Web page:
Covina Argus from Covina, California on November 21, 1908 · Page 1
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Covina Argus from Covina, California · Page 1

Covina, California
Issue Date:
Saturday, November 21, 1908
Page 1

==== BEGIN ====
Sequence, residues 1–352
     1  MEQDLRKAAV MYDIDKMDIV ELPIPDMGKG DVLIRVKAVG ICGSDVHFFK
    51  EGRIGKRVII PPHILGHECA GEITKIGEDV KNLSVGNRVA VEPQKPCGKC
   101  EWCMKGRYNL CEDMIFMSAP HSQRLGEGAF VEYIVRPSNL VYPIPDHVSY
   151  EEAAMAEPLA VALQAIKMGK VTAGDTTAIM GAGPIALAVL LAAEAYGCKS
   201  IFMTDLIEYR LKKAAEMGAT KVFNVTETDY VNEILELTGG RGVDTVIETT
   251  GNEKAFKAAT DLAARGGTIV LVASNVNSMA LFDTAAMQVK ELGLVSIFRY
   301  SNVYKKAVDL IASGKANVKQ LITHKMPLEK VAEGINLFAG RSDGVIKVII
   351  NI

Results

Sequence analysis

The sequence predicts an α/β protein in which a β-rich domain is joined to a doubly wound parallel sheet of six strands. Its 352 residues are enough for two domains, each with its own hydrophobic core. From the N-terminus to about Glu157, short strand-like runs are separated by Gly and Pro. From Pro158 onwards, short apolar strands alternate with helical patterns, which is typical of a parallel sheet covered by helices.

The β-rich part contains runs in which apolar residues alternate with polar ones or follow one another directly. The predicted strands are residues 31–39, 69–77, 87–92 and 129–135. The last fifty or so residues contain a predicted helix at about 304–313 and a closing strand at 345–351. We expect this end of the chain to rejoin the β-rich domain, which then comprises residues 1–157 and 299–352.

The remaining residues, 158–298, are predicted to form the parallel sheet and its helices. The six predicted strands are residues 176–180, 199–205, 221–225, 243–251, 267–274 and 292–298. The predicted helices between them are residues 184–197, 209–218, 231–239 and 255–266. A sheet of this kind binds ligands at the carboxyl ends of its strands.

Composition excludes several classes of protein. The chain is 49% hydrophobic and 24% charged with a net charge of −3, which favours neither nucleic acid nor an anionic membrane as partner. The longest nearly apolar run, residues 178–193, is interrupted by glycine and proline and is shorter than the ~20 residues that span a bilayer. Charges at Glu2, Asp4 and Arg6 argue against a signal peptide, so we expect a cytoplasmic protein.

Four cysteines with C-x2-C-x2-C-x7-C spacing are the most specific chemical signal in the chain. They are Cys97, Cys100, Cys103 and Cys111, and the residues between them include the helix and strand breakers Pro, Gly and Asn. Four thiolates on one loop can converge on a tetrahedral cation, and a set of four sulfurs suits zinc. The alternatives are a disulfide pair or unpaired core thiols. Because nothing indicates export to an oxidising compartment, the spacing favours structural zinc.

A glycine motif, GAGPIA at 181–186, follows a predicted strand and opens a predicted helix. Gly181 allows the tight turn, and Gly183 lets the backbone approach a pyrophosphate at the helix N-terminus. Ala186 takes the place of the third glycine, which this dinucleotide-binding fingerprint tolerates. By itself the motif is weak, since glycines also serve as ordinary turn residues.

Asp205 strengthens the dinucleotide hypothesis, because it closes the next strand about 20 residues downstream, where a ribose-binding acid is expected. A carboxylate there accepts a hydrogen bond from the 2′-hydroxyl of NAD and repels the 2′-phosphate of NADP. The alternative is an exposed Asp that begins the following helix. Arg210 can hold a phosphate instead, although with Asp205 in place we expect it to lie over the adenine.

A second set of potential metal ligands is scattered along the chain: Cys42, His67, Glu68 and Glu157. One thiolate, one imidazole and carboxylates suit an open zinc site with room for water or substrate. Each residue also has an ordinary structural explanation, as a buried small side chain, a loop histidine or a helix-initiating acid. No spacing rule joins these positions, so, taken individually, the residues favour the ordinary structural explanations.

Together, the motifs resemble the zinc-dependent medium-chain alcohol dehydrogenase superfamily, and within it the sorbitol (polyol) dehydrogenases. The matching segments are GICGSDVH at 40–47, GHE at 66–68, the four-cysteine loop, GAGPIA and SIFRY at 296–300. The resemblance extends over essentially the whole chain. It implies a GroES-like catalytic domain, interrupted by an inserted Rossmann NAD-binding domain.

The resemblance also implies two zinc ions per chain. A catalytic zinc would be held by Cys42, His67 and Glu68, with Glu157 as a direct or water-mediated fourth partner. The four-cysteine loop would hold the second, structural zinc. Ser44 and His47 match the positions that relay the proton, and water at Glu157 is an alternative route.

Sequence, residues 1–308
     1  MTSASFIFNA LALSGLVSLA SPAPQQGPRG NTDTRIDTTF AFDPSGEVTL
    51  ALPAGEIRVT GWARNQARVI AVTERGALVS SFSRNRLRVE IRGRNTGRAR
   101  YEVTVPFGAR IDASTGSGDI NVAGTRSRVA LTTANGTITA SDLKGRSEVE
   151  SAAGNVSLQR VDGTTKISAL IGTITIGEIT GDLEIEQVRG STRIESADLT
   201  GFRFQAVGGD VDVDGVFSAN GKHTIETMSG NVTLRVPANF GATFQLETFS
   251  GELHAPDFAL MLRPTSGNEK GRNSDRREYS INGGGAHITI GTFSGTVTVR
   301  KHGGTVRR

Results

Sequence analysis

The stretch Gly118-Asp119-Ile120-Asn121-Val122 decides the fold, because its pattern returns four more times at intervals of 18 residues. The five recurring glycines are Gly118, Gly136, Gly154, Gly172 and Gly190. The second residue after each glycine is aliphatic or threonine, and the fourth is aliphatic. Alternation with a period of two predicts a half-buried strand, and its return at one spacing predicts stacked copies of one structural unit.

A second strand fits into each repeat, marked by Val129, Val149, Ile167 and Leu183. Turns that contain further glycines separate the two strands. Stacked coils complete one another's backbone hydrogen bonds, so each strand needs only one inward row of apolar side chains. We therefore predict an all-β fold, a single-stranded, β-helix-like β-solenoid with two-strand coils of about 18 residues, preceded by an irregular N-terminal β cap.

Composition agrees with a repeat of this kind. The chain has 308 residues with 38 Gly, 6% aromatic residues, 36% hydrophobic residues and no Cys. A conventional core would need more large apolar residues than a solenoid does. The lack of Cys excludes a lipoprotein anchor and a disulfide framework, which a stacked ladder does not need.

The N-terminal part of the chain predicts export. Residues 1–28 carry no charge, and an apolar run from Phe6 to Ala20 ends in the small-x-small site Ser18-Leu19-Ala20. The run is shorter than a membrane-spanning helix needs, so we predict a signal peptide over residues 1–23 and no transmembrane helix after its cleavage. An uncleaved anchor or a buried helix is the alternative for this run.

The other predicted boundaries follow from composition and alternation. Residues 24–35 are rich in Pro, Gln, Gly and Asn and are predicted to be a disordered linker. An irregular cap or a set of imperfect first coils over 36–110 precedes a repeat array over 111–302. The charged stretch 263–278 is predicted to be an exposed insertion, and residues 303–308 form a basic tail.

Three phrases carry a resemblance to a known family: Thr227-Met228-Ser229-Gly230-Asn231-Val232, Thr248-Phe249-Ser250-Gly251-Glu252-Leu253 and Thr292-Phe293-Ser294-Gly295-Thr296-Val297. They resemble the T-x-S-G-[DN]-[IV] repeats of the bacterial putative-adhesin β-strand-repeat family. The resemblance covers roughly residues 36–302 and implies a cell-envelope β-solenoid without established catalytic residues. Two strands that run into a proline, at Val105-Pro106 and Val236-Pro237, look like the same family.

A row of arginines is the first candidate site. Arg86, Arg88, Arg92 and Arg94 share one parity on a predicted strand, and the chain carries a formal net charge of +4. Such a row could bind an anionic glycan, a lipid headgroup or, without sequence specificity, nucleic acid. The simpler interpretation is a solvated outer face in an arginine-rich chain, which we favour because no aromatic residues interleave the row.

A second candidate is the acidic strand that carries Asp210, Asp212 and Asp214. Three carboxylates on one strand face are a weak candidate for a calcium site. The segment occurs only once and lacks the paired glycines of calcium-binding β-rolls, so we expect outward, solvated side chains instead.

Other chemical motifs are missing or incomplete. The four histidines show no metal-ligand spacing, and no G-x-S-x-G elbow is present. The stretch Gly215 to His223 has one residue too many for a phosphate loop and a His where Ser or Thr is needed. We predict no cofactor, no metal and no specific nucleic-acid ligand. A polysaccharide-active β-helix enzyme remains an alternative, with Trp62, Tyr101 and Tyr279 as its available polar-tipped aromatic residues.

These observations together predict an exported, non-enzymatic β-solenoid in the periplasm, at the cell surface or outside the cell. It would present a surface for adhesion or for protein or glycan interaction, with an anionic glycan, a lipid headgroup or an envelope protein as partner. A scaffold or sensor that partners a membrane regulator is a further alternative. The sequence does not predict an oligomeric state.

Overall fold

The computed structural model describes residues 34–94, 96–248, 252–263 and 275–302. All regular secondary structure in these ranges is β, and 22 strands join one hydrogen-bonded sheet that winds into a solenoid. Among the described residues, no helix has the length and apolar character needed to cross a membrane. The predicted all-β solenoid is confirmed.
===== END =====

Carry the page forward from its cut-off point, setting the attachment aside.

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I*. H. Look Over There COVINA SEASON^OR HOUSE HEATERS Air-Tight Stoves, Gas Heaters, Fire-Place Grates RABRICK'S HARDWARE ARGUS VOL COVINA, CALIFORNIA, SATURDAY, NOV,2i, 1908. PROFESSIONAL CARDS DR. J. c. GOODELL OSTEOPATH Phones: Office 175; Res. 23 Hours 9-4 First Nat. Bank Bid?. Covina, Cal. . STEVENS AND BARRON OSTEOPATHIC PHYSICIANS Phone 298—Argus Block Dr. Olirida K. Stevens Tuesdays and Fridays Dr. Emma Barren Mondays and Thursdays RoXIE E. BATES, M.D. Special attention given to treatment of diseases of women and children. Office and residence East College St., first door E. of First National Bank Office hours: 8 to 10 a. m. '' 2 to 4 p. m. Phone 288 Covina, Cal. REED & JENNINGS, PHYSICIANS AND SURGEONS |. D. «EBD G. D. JENNINGS 8-10 a m 10-12 m P& . 2~4 p m, 7-8 p m 4-6 p m ' Offices in Reed blk., Phone 40. Resi- deoce of Dr. Reed E. Badillo st. Phone 48; Residence of Dr. Jennings on Reynolds addition, E. Badillo St. Phone 299. COVINA. CAL. ' :D^' J< C< BARNEY, DENTIST >vcr Argus Office Covina, Cal. Phone 284 W^f" —DENTIST— i hours: 8:30 to 12, 1 to 4. Home Phone 47 ,Office: Bank Blk., - Covina, Cal. £. H. WEDGWOOD ARCHITECT AND BUILDING CONTRACTOR Residence, Cienega, near Grand R.F.D. box 204 Phone 3065 ANDREW M. PENCE ATTORNEY-AT-LAW Notary Public Phone 1039 Reed Block Covina, Cal. QEO. L. SANDERS, ATTORNEY AT LAW Offices 325-333-335 Wilcox Building, Telephone, Home 425 LOS ANGELES, CAL. Saturday's in Covina. Office Argus Block. VAN VLIET Teacher of VOICE CULTURE (four langua^ea) and PIANO Graduate from European Conservatory, ten years experience in teaching abroad. Specialist for advanced pupils. Removing defects in the organs of speech a specialty. METHODICAL SPEAKING Full attention given to beginners. Trial leaaon free. Reception hours Thursday from two to four. Residence, East College Street, Covina. ROBERT M. PHILLEO TEACHER OF THE VIOLIN Special attention paid to the beginner. Limited number of pupils for orchestral work under most improved methods. Telephone 3054. Cleaning and Pressing. I am now prepared to do all kinds of uleauiug ami pressing at reasonable prices. Satisfaction guaranteed, Give me a trial and be convinced. Shop just east of corner Citrus auil Italia streets, Covina, Cal. Yours for business, CHAH. H. HARRIS. Formerly cleaner and presaer for J. A. Hcbuuiin. FIRST MAYOR PASSES OVER Eri G. Clapp Succombs Suddenly at Los Angeles Home. Flags floated nt half inaat in Covina for two days this week, calling attention to the city's bereavement through the death of Eri Uarfield Clapp, first mayor of the city of Co- viuu. His death on Monday afternoon wns n distinct shock to the entire community. No intimation had come to the immediate family that Mr. Clapp was in a serious condition, but an affection of the heart, from which he had never complained to any extent, was the cause of his sudden death. Eri Garfield Clapp was born in Vermont in 1841. He passed his early youth in New York state and later he was engaged m business in Vermont and New Hampshire. In bis community be was ever known as a man of high integrity and bis business relations with everyone brought him high standing. In 1888, he removed with his family to California, coming dh'ect to Covina where he was engaged in the orange busiues for nearly twenty years. During this time he took an active interest in the affairs of t bo little town . and when the city was incorporated, Mr. Clapp was chosen the first mayor. He also served on tue^flrat Cltrut Union High School boarded ''l&bltfj^IiMfttiM Los Angeles, where he tnftde his home until the time of bis death. The funeral was held Wednesday afternoon at the residence, 2500% West Washing- ten street, conducted by Rev. Alfred Fletcher of the Covina Episcopal Church. At the grave the ritualistic ceremony was read by th« Coviua Lodge of Masons, of which he was a respected member, assisted by Southgate Masonic Lodge of Los Augeles. Burial wns in Rosedale cemetery. The bearers were his four sons, C. F. Clapp, Arthur B. Clapp, Philip S. Clapp, Dr. Stacy W. Clapp, his son- in-law, Dr. C. A. Jeuks, and W. M. Griswold. Resolutions calling attention to the city's bereavement are to be found on another page of this issue. Card of Thanks. The family of the lute E. CJ. Clapp wish to express their warm appreciation of the sympathy and cooimleru- tiou shewn during their recent bereavement, ami to extend their bin- cere thanks to all who reiiiiered assistance iu any way. Bread Crumbs From the Bible. *'l am the bread of life."—St John, 6th chapter. Commencing with this issue, the Argus will print a series of Dible study articles which will run in each number throughout the year. These articles are not ordinary, hastily compiled articles, but are the iinne as have found favor with over ;JOO newspapers in the citius of the United States, and which are being used with great success by thousands of other publications. The eerios is known a.s the Inter national Newspaper Bible Study Club, and is edited by Hev. Dr. Liuscott, a man of wide reputation as a teacher. The lesson* are so prepared that they will be of Interest to everyone, including the persona who have less familiarity with the Bible than those following lessons closely. I Arthur T. Hadley, president of Vale I University, Hays of the studied that they are certainly calculated to Hlim- ulntu thought on the practical hear i ing of Bible history upon the moral i questions of the day. Among the 'thousands of indorsements sent out is (also one t'rutn John VVamtmaker. who isays that the idea is one that should I have been put into practice before, j Newell Dwight Ilillib, paei-.r ..f the famous iiooklyn church, fcpoaki highly of the lessons, and they have been • iudoreed by hundreds of other well- known educators in this country and . Canada. Watrh fi>i thirrn every week. Thty are meant for the skeptical a- unll at th« beliti ill),'. Oyster-, all the time at f.'i einhaw'.s fjfocery. t'rt;-.h and film, 'JUe a J'.iZfci,. U Teachers' Union. A meeting of particular interest was held on Tuesday afternoon flt the home of Mrs. W. G. Conley. when the primary Sunday-school teachers of the town were organized into a union, to meet every Tuesday afternoon nt 3 p.m. for the purpose of studying the lesson for the next Sunday, and the methods nud helps iu teaching. The following officers were appointed: president, Mrs. Win. Clark; vice-president of the beginners' department:, Miss Douglas; vice-president of primary department, Miss Doyle; vice-president of junior department, Mrs. Gnge; secretary and treasurer, Miss Bessie Utter; press correspondent, Mrs, Conley. The feature of the afternoon ns tho splendid address by Miss Monie Brockway, state superintendent of the primary work of tho churches. She laid particular stress on manual work. Hhe will bo present once a month at future meetings. The next meeting will be hold Tuesday at 3 o'clock in the Presbyterian Church social hall, when Mrs. E. P. Warner will give the lesson. A cordial invitation is extended to all interested, whether teachers or not. Methodist Church "At Home." An enjoyable social function was the "at home" given by the Methodist Church on Wednesday evening last. This is the first of a 'series to be given this winter, and was a success. The ladies' parlor and the Sunday-school rooms were appropri- .atolrjeoorated, yfith feinajiQd pottfti 4 wofd 'JfoeJcdnitff"-^*^ displayed. The program opened with Barnard's "Saored Heart," played iu a very effective manner by tbe Sunday -school orchestra under tho leadership of Prof. Groom. An address of welcuaie to the new members who liavo lately united with the church, and to Prof. and Mrs, Groom, was made by the pastor. K P. Warner then greeted tho newcomers on behalf of the Sunday-school; Ed Siewert for the Epworth League; Mrs. Crawford, Ladies' Aid; and Mrs. B. L. Reynolds, tho missionary societies of the church. Headings by Miss Minnie Sissou and Mrs. J. D. Reed were thoroughly enjoyed, both responding to hearty encores. Refreshments served by the Ladies' Aid, and a general good social time concluded an evening's enjoyments that speaks well for the prospects of tho series which it inaugurates. Tallest Han Mere? Onto Horton, who OOHIPH into Co vina to make his homo this wctik, JH probably the man iu California. Ho in nineteen yearn old and six foot six and one hull 1 inchos in hnight. Thfi next tulleHt man in ('o- v in n is two iiii'hcH below Morton. Ho is known popularly by IHH friourJH as "Ramrod" Mac-Donald, and is only a strip of H boy HH yfit. Morton comes from ( (inter firovc, Alaljan.a, aiir] va>s that all hin pi-ople are ol tlie nidiiiHry l.cii-'bt. 'I'lus young IIIHII JH nlho^NHftd of great Hirength, altliou^h weighing but 17!J p(,unris. Me i.s at prtHfiil visiting with A. J. Hooks, I ho blackhinilb, and will probably take up liih roai- (h-nce in ('ti\ ina. Popular Clerk Marries. Charles Maws, for Home time a dork in tin.- Pcfjpli'H H' >!''•: was married al liib borne in Kanta Uarbara WodneH- day to Miss Meile Mubbarrl. It wafc intended that the wedding should he a (j'.jiet affair, but the yn»i:u (riendh of botii cr.'iitructing jiaitie.s gave thejn a warm send-oft' vvlifjn they started back to Coviua. 'I'lie trnuku and baggage bore testimony of their popularity in tbe number of curioua i 'lehJKii'i and .signs [jfasteil over them, laud a <ei3' happy ttiue wa-» j-'isen |lheru hot'oro leaving >be i,t-;iull(ul | little coast city. Mr. (It^a v.iil n- 1 miiiij in the employ i,f Mr. t'ric'l ! 'uan. and has fitted uj) a very attrac Itive cottage on C«.-nter s-.trett.. MRS. BRYAN WRITES. (Ireat Commoner's Wife Corresponds With Old Friend In Covina. A letter from Mrs, William Jennings Bryan to Mrs. Dr. O. P. Shoemaker was received since tho election, and is interesting from tho standpoint taken by the wife of the groat Democratic statesman. The letter is iu a most uheerful vein, but .Mrs. Bryan admits that tbe defeat, was a great disappointment to her husband, as well ofc to herself, for it has been her ambition to bo tho first lady of the land. During Mrs. Sho^maker'n long stay in Nebraska she became very a warm friend of tho groat Nebraakan and his fa in I ly, and is considered one of Mrs. Bryan's intimate friends. Mrs. Shoemaker does not reveal the entire contents of tho communication, but Hays that Mrs. Bryau has not given up hopes for a high position iu tbe land for her husband. Tho letter speaks in one place of an episodo tbe day after election at tbe Falrview farm when the family had cratio received proof of the Deuio- defeat. A neighbor's Mttlo lad came running iu, and gaining access to Mr. Bryan, said: "Is it true Mr. Bryau that you have boon fanned out?" "I don't understand," said Mr. Bryan. "Well," wild tho lad, "the boys say that you have had threw chances at tbe ball and have missed it, and you're fanned out." Federation at Venice. lasting the greater portion of this week at Venice, where the beautiful, transplanted city was thrown open to them with the greatest cordiality. The convention proved the added growth and strength of this organization, and also the power it, has become in shaping civic affairs throughout the state. Miss Anna Hcrrou, president of the Covina organization, was a member on the committee on credentials and an active participant in the convention. Mrs. K. F. Duller was I ho regularly appointed delegate from Co- viua, and a large number of (he local members were in attendance. . On one evening the Federation was made guest in a body at the (Southern California Lady Press Writers' Club, and the Pick and Khovel cluh of .Southern California also arranged a program for them. A report of the proceedings of the convention will be given at the club meeting on Monday afternoon. Death of Mrs. Stoufer. The denlh of MI-H. W. II. (Sarah) Stouter occurred at the residence, Hi Hi Milliir.l avenue, LOH AngeloH, Thurxday morning after a protracted illncHH. The funeral in to be held this iiHirninu at 10:110 o'clock from the residence, Mrs. Htoufir'H death was hill-rounded with a peculiar mid- nesH, inamnncli as she lay speechless for thirty days, UH a rosult of the biouking of a blood VCHNC! on the brain, but luvuird the end she rallied and the ('nil came peacefully. Tho relatives and children were ablo to Tench tho bedtmltj before death IM- curred. The deceased WUH very well knovMi in (,'ovinn, where nhti resided with her hiiKband for ni'!;,y yearn, and where Mr. Stonier died. In icniienl will be imide today iii the (Jakdale cemetery beHldo hr.r hust'.-ind. I Sejcura Well Water bus nearly been readied in the giant v>cll which ih being sunk: by the Kngura Water Company :it ' Baldwin J'aik. The well has been sunk ] ! T) feet, and in one of the most successful HliJifta put down in thin valli.-y for .soi/ie yi-arw. It \H being built oft the north Hide of the Pacific. Kleclri(; track for the purpoHO of wattling f)0(J itf.usH (it land that hits ff.inieily be«:/i wateied by forcing up y.alcr fioin the plant al, V'innhn;d. iJaltoji .v Li-ech, the eontrucioi s, kii.y that they aie (Confident <J st/ iking a big cup[.ly of Aaler. i •~Mtft& *b #!,"'—• How About That Thanks^ giving Dinner? You know we have the makings of it and can supply you everything 1 from soup to small black coffee. One thing- in particular we might call your attention to is our stock of Fruit Cake This is over one year old. We made it ourselves and know that it is good. Get in your orders early in the week as Wednesday will he a busy day. Closed Thursday All Day DIRECTORS G. E. Anderson 0. F. Claim .T. n, Elliott W. If. Ilollidiiy Marco If. Hullmnn H. M. Hoimor J. O. \ltnmar C. Mum-fiii! A. I'. Koreldmll' W. H. HOLLIDAY, Prowldont MAHCO H. IIKUJWAM, Vlco J. H. ELLIOTT, Vleu PI-UM. W. M. (iKIHWOI.,1), CiiHlilor J. (!. HUTCHINMON, AMH(. (Jii r Capital and Surplus $90,000. oo Covina VDalky Savings Banh Covina, Cal. V DIRICCTOKS OFFICIOUS Oi«i. K. Aiiilni-Kiiii W. II. Ilolllilay A. I'. K MUCK IIOKI'', I'nralili-Ml. J. K. KllloU II. M. MnUHiir II. M. IIOUHKH, Vim |'nmlil«;nt Mum) II. Ilellrniin A. I'. Knrcktiuir J. C. IIUTCMINKON, Ciinlilm- W. M. (JKIHWOU), Aiml. (Juiililisr Capital and Surplus $42,000.oo &££fifi£££fififififififi&£S£&££££££££S£S££££££55 K&'&X&f&ettfA'X'&tL'W** Thanksgiving One of the notable utterances of the p.'isl century was, "We ;ire thankful for things to come." We combine the past, present ami future, ALWAYS THANKFUL. Don't Wait Until Thursday Place your order early for those Thanks<(i V\HK neces- sities. Cranberries, Sweet Cider, None-Such Mince Mt-at, Harris Olive-,, Celery, I'ickli-s Sweet and 1'iekles Sour, Cluster and Layer Kaisin,, Uilllleur and Wines,ip Appi.--,, Ktc., Kt.;. Order early and BE THANKFUL Yours lor business, Home's Grocery 9 1 [OHM.- phone •!.< • •••••••••••••••*•••••••••§•• •••••••••••••••••••••••••